Now is not the time to get creative or try to attract attention with extra info or design elements. Stay away from elements that are irrelevant to the position you’re trying to gain. Once your other strategies help you through the screening process, you can mention to interviewers your full range of extra qualifications.
Adding In a Headshot
ATS systems cannot parse images, so putting in your photograph only boosts the chances your resume will not make the cut.
Making sure your resume is streamlined for today’s applicant tracking systems does take extra time and effort, but it should pay off when you start getting more (and better) responses to your online job applications.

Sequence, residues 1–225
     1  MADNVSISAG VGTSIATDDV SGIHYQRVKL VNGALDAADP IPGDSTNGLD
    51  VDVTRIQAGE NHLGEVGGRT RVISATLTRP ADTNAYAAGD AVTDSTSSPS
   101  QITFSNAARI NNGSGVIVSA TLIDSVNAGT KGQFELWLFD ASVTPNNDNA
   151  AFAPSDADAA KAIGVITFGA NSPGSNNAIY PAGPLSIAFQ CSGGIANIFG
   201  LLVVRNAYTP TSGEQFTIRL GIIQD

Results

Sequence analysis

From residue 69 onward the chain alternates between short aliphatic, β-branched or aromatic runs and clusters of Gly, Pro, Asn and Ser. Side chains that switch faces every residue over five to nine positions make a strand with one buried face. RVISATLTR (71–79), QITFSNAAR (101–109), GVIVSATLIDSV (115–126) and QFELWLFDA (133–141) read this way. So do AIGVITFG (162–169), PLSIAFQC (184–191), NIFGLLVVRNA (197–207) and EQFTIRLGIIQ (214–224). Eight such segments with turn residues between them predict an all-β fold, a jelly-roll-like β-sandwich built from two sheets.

“Yes, this feels like a lot,” advises Regina Borsellino on TheMuse.com. “But the main thing to take away when it comes to creating an ATS-friendly resume is that it will help even if you’re not going through an ATS. At the end of the day, what an ATS is looking for in a resume is not that different from what a person is scanning for? If you make a resume that beats the ATS, chances are it’ll impress a whole lot of humans, too.”
Bottom line: In today’s digital world, you must optimize your resume with the keywords and formatting that will boost its chances of being found by applicant tracking systems. Take time to use the strategies that could take you one step closer to your target job.